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Putin Understands Pak Perfidy Better than Bush

Putin Understands Pak Perfidy Better than Bush

Author: V Gangadhar
Publication: The Asian Age
Date: December 4, 2002

Hard, cold facts are more important to Russian President, Vladimir Putin than diplomatic niceties or vague statements. On the eve of his state visit to India, the Russian leader told Indian media persons in clear terms that he saw a clear danger in the likelihood of Pakistan's nuclear arms falling into the hands of Islamic fundamentalists. Such a happening would have a disastrous consequence not only in the subcontinent but the entire world, he warned.

Putin's statement came immediately after startling revelations of long-term nuclear collaboration between North Korea and Pakistan. But the US administration including President Bush had treated the subject lightly and the State Department had been telling other concerned countries not to read too much into this development. This attitude was rather strange because, North Korea, according to successive US governments, was an `evil empire'and had been bracketed with nations like Iraq, Iran and Sudan, the traditional enemies of the US. As usual, the US spared Pakistan of any criticism. But the Russian leader was more forthcoming.

As he explained to the Indian media persons, ``What we are worried about is the fact that weapons of mass destruction (WMD) could fall into the hands of bandits and terrorists. This is exactly how I would like to call these persons rather than just militants. Not only that is dangerous, but we also have concerns they ( terrorists) could obtain information concerning production techniques or even simple means that could be equal to WMD''. If President Putin did not mince his words, there are reasons behind them. And there are equally historical and important reasons for the enigmatic US silence on this issue. Like India, Russia had been the target of criminal attacks from various groups representing the smaller Republics which demanded independence.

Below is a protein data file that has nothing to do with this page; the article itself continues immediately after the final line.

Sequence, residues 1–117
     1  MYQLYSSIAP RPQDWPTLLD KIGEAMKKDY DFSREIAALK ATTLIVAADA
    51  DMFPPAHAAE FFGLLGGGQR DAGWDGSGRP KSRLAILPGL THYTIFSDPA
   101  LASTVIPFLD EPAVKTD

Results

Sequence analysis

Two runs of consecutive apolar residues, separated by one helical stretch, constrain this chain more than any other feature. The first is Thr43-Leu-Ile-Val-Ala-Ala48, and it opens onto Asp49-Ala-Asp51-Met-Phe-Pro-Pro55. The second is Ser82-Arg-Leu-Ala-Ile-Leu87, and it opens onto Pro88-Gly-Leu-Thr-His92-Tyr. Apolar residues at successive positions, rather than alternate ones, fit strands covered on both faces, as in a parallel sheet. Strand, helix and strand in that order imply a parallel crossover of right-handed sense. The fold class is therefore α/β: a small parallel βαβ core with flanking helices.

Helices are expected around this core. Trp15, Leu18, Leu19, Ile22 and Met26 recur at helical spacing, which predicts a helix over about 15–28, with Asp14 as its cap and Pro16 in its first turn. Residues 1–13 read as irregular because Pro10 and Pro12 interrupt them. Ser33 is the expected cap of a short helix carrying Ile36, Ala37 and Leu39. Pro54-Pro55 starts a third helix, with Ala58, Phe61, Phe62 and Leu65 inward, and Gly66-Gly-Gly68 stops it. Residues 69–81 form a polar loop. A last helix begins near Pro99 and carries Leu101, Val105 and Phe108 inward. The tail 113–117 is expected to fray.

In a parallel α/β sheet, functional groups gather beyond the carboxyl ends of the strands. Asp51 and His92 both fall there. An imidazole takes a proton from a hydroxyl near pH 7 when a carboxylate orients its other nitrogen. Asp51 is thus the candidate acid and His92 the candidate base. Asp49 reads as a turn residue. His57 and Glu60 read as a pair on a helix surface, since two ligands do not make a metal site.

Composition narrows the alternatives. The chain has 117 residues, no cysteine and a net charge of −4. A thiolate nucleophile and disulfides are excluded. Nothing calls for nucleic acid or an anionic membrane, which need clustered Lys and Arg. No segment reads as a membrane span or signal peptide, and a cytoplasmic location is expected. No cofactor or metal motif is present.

The Chechen rebels had been launching forays into the Russian territory, the recent one being the hostage taking inside the Moscow theatre which resulted in the deaths of about 130 people during the rescue operation, personally ordered by Putin. Like Israel, Russia follows a rigid policy of not being held to ransom by any kind of terrorist demands. Both the nations would risk civilian casualties rather than give in to the demands of terrorists. But Putin must be growing uneasy in his mind that the time may not be far off when one or other of the terrorist groups got hold of some kind of weapons of mass destruction and threatened Russia, the US or the UK or even India. The consequences will be a nightmare. It is this fear which had made Putin speak out on the eve of his New Delhi visit. Unlike George Bush Putin was a world leader who understood the working of the minds of the Asian nations and the increasing influence of terrorist groups. While Bush relied on the use of excessive force to tame terrorism, Putin knew that such an attitude would not work.

The US, for instance, had destroyed Afghanistan but cold not capture or kill Osama bin Laden or Mohamad Omar. They could still pose great dangers to the rest of the world. It is a historical fact that Russia, and earlier the Soviet Union, had never got along with Pakistan.

Putin, a keen student of history, knew that Pakistan had always been a `special friend' of the US in the region and that the US relied on Pakistan to balance the power equation in the region. While the US never tried to understand India's status as the leader of the Non-Aligned Nations group and bracketed it with other satellites of the Soviet Union, Pakistan threw its lot with the US and eagerly embraced memberships of the US-sponsored military pacts like SEATO and CENTO.